By Howard Clemens
New Orleans is one of the most iconic cities in the world, and its French Cajun history has culminated in one of the most famous and vibrant fusions of multiculturalism in the US. One of the most exciting educational experiences students can embark on is the New Orleans/Louisiana French Immersion tour. The sensory stimuli of “The Big Easy” is an ideal environment for learning. For students, a visit to New Orleans is bound to be as unforgettable as it is fun.
The French Quarter
The French Quarter (old square in French) —is New Orleans’ first neighborhood, established shortly after the city’s inception in 1718. This National Historic Landmark, often credited with being one of the birthplaces of jazz, includes the legendary Bourbon Street (with its shops, restaurants, and beautiful Spanish rule-era architecture), and Jackson Square Park. It’s also home to the Cabildo Museum (site of the signing of the Louisiana Purchase), St. Louis Cathedral, and many other attractions students have certainly heard of, and will now be seeing for the first time.
The Mississippi River, Lake Pontchartrain and the Bayou Swamp Boat Tour
The Mississippi River is part of the continent’s largest river system and subject of Mark Twain’s greatest works. Along with Lake Pontchartrain, it has been the subject of many celebrated traditional songs and stories of Louisiana and New Orleans. Students will learn about them while enjoying the ambiance of a Bayou Swamp Tour, Cajun style. The tour includes a visit to the Aquarium of the Americas, which houses 530 species, including animals native to the Amazon and Mississippi Rivers. Students will also enjoy an authentic Cajun Creole dinner under the stars, with live Cajun music.
The Garden District
The Garden District, also a National Historical Landmark, is as famous as the French Quarter. Students will stroll through streets seeing magnificent architecture, lush gardens, and the ambiance of the old South. They will also visit the beautiful St. Louis cemetery, in which many historical figures of French and Cajun descent are laid to rest. Walking through the graveyards, which have been featured in many films, is a history lesson in itself. Visits to Loyola and Tulane Universities provide a vivid glimpse of college life.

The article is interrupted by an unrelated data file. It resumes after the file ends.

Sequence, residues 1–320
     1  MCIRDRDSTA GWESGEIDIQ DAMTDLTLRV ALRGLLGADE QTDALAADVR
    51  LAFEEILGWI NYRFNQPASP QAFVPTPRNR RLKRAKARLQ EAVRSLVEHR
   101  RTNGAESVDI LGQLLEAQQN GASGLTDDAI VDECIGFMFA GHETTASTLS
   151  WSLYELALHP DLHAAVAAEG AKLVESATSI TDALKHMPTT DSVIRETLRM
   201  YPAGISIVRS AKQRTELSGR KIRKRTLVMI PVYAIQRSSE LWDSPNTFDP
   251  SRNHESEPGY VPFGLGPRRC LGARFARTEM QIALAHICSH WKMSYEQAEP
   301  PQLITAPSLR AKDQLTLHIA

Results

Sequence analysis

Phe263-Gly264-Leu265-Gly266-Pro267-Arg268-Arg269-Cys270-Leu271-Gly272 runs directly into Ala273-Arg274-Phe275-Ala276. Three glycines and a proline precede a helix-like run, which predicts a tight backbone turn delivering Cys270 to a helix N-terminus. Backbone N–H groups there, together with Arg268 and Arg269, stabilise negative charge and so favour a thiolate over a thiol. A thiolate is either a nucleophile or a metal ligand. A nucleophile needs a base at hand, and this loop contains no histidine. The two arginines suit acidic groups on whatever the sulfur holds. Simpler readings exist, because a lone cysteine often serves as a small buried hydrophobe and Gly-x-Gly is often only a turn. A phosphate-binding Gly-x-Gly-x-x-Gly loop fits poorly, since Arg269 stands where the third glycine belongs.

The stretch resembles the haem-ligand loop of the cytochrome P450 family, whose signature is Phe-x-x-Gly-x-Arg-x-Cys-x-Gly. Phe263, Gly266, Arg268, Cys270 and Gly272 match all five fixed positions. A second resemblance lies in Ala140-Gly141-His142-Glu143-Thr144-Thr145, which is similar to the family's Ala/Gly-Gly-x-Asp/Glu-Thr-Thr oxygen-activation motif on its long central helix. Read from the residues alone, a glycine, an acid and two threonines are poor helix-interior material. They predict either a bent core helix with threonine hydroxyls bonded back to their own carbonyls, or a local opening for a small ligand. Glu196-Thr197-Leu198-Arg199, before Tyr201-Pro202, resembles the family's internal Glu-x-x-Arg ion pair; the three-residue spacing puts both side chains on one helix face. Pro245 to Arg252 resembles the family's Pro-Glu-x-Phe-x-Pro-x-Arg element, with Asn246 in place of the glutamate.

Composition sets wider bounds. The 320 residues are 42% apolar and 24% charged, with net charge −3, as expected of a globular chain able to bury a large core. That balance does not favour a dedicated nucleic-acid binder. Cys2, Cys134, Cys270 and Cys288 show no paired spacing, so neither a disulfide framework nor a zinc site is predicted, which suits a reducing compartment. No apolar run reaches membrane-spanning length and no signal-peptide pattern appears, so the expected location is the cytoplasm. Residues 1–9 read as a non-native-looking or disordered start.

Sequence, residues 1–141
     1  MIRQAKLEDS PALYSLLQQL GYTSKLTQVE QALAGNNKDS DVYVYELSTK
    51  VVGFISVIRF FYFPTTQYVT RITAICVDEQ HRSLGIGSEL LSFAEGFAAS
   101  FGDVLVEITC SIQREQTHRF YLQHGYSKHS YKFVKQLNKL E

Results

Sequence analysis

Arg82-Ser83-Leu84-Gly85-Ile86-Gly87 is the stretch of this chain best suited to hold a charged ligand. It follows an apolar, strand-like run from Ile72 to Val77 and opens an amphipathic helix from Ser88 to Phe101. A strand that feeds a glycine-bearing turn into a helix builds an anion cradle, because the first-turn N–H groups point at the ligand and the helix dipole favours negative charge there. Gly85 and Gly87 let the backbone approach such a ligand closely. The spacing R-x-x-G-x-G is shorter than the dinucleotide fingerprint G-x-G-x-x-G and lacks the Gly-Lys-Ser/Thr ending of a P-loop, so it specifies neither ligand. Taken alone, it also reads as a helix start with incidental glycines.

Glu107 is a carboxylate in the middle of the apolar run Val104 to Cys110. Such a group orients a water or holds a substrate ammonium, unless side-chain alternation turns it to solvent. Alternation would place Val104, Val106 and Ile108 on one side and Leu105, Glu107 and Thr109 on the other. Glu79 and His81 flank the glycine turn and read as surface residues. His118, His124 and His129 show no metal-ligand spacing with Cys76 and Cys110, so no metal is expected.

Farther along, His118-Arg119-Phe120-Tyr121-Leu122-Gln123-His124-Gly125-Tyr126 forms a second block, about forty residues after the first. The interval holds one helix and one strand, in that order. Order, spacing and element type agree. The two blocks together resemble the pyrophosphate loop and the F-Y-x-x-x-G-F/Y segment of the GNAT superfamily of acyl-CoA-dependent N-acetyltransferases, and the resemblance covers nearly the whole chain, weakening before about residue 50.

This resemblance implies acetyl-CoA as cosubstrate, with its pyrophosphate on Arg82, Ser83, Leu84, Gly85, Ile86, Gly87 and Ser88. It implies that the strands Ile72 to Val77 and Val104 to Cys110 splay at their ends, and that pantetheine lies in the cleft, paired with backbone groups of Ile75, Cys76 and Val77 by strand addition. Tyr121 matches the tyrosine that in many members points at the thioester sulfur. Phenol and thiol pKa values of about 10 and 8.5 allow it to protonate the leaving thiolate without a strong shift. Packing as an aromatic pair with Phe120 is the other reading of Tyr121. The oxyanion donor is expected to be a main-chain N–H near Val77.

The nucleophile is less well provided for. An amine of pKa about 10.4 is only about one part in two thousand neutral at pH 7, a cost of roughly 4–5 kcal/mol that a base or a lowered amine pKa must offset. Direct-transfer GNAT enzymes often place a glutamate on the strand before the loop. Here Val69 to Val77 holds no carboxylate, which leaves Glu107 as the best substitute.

Mardi Gras World
Mardi Gras, a celebration originally brought to Louisiana by its early French settlers, is known all over the world, and every year thousands flock to New Orleans to take part in its merrymaking and parades. At Mardi Gras World, students will tour the factory where Mardi Gras’ famous floats are assembled, and will go behind the scenes for a sneak peek into the many preparations that go into the making of this renowned festival.
French Acadian Village
The French Acadian Village in nearby Lafayette is a must-see for those studying Cajun and French culture. It is a re-creation of a 1800s Cajun community in New Orleans. The Village encompasses 10 acres that are home to many 19th century buildings, including the Civil-War era Billeaud House of the Billeaud Sugar Plantation, the Bernard House, (circa 1800), and the Castille House of 1869. The village is host to a variety of Cajun festivals every year, and has a blacksmith’s shop and an art gallery.
Immersion in French/Cajun Culture the most exciting way to learn language
Outside of France itself, there is no better place for students to master the French tongue than New Orleans and its surrounding areas. If learning is best when it involves fun and being exposed to new and exotic cultures, students will undoubtedly find that immersing themselves in the vibrant music, food, and history of Cajun culture fits the bill perfectly.